How to Select the Size of Crown Molding


Crown molding is a type of finish trim designed for installation at the top of a wall. While this trim can seem relatively simple, buyers actually have a number of factors that must be considered when choosing crown molding. Among the most important decisions is what size of crown molding to use. Molding that's too large can be overwhelming in some rooms, while too-small molding may not make an impact in a larger space. To choose the right size of crown molding for your home, consider things like ceiling height, molding function and whether other types of molding will be used nearby.

  • Consider the ceiling height in each room. As a general rule of thumb, larger crown molding should be used in rooms with high ceilings, while rooms with shorter ceilings will look better with smaller molding. According to the Glass Creek Remodeling Company, a room with a 7-foot ceiling will require molding that's 3 inches or smaller, while a room with an 8-foot ceiling requires molding ranging from 3 to 4 inches. A room with a 17-foot ceiling can accommodate molding that's 10 inches tall or even larger.

  • Decide if you will use other types of molding in addition to your crown molding. Many homeowners combine thinner strips of trim known as picture rail with traditional crown molding. If you plan to use picture rail, choose crown molding that's about an inch smaller than you'd otherwise plan to use. The two types of trim will combine to create a dramatic look, and crown molding that's too large can make this look too overwhelming in a small space.

  • Consider what function you hope to achieve by adding molding. Many homeowners use this trim to contribute to the appearance of the room. Others may use crown molding to hide wires and cables for speakers, lights and other fixtures. If you are using molding to conceal wires, choose trim that is large enough to achieve this function.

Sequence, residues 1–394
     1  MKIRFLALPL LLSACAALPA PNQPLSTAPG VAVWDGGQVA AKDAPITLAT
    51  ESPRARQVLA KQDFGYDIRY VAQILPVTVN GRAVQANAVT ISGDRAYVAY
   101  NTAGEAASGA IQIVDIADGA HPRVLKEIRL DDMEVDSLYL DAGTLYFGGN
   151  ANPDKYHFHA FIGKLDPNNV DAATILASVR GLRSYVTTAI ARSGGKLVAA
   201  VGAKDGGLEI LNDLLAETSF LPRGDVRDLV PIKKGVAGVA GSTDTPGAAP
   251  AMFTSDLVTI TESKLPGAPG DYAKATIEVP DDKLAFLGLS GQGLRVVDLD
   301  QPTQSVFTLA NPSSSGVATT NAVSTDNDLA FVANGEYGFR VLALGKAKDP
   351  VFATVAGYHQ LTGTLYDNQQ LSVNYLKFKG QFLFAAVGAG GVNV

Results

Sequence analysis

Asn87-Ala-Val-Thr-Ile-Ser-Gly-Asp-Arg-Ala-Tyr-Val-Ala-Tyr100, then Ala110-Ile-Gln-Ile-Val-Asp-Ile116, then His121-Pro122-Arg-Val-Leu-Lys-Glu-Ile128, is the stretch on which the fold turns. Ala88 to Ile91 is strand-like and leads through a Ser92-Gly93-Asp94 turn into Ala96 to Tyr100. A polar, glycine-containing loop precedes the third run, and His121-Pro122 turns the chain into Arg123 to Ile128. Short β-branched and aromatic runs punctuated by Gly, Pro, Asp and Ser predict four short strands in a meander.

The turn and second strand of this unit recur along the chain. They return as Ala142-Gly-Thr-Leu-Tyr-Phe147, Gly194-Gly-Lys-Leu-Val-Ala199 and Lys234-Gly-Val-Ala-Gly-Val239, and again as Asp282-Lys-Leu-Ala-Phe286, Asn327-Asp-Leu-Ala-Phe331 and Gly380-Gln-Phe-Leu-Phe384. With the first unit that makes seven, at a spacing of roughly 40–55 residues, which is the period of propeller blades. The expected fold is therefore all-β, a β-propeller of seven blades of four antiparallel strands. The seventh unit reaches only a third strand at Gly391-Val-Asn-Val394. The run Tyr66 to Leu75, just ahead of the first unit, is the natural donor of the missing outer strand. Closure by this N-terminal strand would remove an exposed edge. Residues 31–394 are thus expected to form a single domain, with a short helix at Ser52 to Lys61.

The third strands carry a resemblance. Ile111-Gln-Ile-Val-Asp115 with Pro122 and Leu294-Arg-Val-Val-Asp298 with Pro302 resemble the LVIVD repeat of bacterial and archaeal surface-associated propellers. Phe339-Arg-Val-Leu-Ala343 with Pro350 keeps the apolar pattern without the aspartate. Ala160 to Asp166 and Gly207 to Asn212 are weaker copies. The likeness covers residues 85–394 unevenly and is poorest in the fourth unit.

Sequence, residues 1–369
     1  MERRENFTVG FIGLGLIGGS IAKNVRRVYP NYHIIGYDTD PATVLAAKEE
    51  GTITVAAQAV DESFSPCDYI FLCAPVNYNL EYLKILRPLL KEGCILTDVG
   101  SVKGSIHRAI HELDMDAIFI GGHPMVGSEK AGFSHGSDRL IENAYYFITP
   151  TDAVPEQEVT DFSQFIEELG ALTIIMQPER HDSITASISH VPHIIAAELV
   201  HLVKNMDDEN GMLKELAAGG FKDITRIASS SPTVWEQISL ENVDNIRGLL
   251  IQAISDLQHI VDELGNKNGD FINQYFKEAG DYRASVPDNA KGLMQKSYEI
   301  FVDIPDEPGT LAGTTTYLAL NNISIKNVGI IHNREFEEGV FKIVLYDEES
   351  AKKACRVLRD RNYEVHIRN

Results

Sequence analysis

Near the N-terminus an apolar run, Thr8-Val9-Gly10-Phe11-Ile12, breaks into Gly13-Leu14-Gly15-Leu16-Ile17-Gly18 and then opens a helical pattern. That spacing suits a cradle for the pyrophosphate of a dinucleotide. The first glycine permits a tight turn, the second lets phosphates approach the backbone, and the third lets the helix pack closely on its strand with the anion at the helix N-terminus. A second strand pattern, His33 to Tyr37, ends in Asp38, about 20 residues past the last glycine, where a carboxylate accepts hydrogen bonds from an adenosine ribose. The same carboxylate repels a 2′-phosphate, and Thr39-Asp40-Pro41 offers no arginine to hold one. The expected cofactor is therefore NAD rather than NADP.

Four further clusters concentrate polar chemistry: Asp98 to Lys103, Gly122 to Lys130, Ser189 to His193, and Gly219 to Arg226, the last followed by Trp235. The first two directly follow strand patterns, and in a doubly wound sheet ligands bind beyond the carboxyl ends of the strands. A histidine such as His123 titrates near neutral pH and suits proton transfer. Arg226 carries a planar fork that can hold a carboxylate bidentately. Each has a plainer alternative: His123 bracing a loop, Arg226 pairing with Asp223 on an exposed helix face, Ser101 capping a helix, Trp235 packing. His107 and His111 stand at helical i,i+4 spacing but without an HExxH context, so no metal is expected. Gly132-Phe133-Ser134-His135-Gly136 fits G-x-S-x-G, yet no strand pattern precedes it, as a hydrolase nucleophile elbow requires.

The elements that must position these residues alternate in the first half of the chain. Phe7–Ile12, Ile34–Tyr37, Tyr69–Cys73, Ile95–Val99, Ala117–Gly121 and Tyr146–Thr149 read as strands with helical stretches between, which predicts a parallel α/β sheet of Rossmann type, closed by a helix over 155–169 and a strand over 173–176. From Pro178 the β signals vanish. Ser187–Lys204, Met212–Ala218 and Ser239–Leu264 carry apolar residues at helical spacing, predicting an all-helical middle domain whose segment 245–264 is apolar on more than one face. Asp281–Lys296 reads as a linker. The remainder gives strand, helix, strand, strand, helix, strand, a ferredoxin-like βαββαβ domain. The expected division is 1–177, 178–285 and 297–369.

• Compare your crown molding to your baseboards. The size of crown molding should be roughly the same as the size of the baseboards in the room. This helps to achieve a balanced, proportional look. If you are using larger baseboards, you may be able to successfully use larger crown molding than you would in a room with smaller baseboards.

  • Evaluate costs. Larger pieces of crown molding tend to cost more. This is true for molding that's higher, thicker, or longer than average. To keep costs down, choose smaller molding in shorter lengths.

  • Determine how the molding will be installed. While larger pieces of crown molding can seem too overwhelming when installed at the top of a shorter wall, they can be used in other ways. In a smaller room, larger pieces of crown molding installed along the ceiling can be used to make the room look larger. To achieve this look, install identical molding sections both at the top of the wall and on the ceiling, creating a mirror image. This will allow you to successfully use larger or more elaborate molding in a small or short room.

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